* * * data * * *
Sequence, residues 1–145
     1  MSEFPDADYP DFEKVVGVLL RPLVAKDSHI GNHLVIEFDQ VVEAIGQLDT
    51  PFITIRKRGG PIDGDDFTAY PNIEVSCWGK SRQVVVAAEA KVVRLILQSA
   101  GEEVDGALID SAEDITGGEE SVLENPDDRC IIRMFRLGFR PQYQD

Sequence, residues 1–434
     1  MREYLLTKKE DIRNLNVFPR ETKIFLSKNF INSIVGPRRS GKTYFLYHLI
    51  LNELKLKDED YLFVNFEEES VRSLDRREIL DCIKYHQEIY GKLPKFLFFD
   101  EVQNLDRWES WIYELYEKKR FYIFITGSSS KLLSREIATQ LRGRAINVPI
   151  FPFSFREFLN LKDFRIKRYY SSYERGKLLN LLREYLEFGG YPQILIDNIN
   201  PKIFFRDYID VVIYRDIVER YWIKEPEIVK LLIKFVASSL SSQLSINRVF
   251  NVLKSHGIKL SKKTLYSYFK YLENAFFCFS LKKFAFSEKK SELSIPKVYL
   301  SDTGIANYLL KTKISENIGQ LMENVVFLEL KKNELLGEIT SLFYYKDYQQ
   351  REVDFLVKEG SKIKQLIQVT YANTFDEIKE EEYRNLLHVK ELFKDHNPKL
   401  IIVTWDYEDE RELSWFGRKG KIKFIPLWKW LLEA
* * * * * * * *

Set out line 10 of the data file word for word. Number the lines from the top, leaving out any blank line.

   201  PKIFFRDYID VVIYRDIVER YWIKEPEIVK LLIKFVASSL SSQLSINRVF